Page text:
CO2 absorber for oil tankers: innovation in hydrocarbon transportation
Абсорбер CO2 для нефтяных танкеров
A consortium of shipping organisations led by the Global Centre for Maritime Decarbonisation (GCMD) has received approval in principle from the American Bureau of Shipping to use a carbon capture system onboard an oil tanker.

The approval from the regulator governing ship certification in the United States kicks off the second phase of Project REMARCCABLE, which aims to develop CO2 capture, utilisation and sequestration (CCUS) technologies for the purposes of maritime shipping.

The first phase of the Project involved conceptual design and a front-end engineering design (FEED) study of the CO2 capture system for marine vessels. The second phase envisages the creation of a prototype unit and onshore commissioning. Finally, the third phase will involve the system being installed on an MR oil tanker in order to conduct tests with an overall duration of 500 hours, in the course of which CO2 will be captured, liquefied and offloaded at ports along the route of the sea voyage. The results of these tests might arouse great interest in the industry, given that MR tankers (which have a deadweight of 25,000 tons to 79,900 tons) are among the top four types of vessels for oil transportation along with VLCC tankers (deadweight of 200,000 tons to 320,000 tons), Suezmax tankers (160,000 tons) and Aframax tankers (80,000 tons to 120,000 tons).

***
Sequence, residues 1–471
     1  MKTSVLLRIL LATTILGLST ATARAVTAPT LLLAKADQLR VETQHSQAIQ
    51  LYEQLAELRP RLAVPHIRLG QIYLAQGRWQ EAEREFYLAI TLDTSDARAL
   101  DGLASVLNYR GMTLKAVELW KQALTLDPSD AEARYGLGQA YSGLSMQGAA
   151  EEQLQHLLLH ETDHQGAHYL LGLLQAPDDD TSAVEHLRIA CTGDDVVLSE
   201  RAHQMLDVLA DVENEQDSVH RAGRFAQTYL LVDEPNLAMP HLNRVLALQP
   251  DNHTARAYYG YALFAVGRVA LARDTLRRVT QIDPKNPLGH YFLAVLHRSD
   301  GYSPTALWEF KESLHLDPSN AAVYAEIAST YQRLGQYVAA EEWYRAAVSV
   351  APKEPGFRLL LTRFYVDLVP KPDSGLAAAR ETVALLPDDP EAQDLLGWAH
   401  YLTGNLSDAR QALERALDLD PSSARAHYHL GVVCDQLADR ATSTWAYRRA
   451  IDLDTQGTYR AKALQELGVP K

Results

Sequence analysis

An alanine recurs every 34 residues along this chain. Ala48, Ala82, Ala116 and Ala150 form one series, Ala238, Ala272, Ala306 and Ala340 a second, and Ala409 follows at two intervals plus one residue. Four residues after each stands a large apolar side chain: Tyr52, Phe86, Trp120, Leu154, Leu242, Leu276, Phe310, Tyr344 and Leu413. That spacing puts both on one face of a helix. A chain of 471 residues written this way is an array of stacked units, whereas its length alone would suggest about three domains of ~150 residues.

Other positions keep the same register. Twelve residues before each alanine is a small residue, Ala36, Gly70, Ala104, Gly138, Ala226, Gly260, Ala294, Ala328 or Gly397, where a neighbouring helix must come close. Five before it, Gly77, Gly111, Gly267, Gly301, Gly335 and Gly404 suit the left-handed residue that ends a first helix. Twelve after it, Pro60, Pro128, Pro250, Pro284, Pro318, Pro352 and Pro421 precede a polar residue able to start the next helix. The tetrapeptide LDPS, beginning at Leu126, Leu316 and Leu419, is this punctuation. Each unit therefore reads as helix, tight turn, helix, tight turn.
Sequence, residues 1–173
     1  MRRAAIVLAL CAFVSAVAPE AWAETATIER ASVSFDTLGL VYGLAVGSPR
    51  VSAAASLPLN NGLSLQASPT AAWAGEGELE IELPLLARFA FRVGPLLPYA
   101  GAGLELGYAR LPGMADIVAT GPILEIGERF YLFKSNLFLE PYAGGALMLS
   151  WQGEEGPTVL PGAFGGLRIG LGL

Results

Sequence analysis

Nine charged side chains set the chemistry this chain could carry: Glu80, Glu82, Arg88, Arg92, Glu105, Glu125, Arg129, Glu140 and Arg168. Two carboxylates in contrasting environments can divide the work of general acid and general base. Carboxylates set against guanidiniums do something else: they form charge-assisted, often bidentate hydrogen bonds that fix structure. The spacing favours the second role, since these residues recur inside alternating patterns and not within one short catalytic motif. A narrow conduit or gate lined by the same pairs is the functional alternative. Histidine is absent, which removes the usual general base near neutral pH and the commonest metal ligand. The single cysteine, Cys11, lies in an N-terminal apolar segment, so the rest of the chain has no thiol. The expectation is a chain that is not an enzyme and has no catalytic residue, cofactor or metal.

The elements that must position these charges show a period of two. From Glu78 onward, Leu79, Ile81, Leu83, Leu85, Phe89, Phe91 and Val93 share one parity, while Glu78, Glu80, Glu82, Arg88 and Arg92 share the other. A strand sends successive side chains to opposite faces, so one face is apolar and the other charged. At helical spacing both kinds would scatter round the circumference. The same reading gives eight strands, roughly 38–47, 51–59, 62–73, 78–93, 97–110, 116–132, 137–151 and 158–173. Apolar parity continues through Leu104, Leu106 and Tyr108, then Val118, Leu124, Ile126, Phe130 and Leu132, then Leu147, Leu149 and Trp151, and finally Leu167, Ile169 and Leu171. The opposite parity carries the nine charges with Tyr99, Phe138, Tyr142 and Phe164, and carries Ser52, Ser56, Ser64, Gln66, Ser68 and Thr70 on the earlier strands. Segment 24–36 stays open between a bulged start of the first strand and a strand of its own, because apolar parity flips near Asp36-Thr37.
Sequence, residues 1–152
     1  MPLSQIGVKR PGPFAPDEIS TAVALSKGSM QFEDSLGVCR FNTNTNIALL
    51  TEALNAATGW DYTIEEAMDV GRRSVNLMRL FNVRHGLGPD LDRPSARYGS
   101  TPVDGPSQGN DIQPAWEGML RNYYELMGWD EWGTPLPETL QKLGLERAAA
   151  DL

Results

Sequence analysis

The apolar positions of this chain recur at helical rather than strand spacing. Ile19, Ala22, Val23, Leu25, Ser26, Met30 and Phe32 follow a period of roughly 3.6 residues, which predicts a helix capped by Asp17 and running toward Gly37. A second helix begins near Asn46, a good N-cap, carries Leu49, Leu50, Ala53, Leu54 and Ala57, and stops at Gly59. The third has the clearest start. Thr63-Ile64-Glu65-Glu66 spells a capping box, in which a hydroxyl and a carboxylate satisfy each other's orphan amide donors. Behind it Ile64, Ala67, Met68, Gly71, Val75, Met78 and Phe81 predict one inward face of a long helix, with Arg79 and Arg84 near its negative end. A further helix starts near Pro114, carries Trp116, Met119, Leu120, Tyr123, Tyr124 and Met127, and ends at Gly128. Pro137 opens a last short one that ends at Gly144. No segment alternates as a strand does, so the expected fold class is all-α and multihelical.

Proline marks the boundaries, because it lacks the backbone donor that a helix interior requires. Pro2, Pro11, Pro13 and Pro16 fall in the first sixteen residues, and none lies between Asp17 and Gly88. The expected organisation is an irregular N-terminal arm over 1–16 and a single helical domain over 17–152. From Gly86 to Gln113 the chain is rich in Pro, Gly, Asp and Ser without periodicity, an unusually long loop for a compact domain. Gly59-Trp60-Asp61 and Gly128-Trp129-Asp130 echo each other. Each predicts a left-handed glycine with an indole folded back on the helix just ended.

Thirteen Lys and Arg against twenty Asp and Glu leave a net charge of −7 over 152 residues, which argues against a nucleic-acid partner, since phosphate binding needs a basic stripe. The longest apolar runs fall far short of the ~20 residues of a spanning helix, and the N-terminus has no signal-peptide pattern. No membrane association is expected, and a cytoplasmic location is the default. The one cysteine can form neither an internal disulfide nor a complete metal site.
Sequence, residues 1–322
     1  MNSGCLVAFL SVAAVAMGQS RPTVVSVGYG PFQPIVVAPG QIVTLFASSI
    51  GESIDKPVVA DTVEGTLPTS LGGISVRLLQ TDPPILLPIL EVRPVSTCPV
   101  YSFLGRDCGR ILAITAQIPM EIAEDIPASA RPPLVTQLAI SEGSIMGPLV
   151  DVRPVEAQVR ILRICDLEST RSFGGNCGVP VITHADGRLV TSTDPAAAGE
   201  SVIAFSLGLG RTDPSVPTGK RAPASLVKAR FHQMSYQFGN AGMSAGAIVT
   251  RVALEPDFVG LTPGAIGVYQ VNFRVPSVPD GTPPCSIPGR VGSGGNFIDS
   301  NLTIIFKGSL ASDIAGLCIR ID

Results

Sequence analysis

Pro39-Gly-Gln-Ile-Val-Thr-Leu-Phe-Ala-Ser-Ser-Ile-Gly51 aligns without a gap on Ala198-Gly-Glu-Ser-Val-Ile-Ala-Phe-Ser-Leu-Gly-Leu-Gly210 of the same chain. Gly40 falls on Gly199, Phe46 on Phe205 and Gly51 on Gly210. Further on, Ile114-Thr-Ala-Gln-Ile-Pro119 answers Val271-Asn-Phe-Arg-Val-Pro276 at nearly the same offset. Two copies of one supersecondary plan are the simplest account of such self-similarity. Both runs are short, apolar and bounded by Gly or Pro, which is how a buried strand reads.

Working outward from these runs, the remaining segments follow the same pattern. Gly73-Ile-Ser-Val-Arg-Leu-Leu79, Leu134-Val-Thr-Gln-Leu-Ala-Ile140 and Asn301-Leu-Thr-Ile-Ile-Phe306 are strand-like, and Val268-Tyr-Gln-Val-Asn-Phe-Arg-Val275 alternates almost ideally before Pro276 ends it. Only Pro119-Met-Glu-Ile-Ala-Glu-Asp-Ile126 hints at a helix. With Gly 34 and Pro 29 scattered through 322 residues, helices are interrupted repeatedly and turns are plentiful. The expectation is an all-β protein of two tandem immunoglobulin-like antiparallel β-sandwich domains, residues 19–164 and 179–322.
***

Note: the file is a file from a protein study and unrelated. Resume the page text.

The Project will expand the range of innovations aimed at reducing the carbon footprint of maritime shipping. Qiyao Environ Tec, a subsidiary of Shanghai Marine Diesel Engine Research Institute, earlier created a unit capable of absorbing up to 85% of carbon dioxide produced during the combustion of marine fuel. The CO2 capture process includes several phases: first, carbon dioxide is fed into an absorption unit, which is filled with an amine-based solution that sucks up the carbon dioxide. Then, the liquid saturated with carbon dioxide enters a gas separation column where CO2 is desorbed under a high temperature. Finally, during the last phase, the extracted carbon dioxide gets compressed, purified and cooled to a liquid that can be stored in a low-temperature tank.

Maritime shipping is the third-biggest source of emissions in the transport sector. According to McKinsey, it produces 11% of CO2 emissions in this sector of the global economy, whereas motor, air and railroad transportation account for 75%, 13% and 1% of emissions respectively.


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March 2023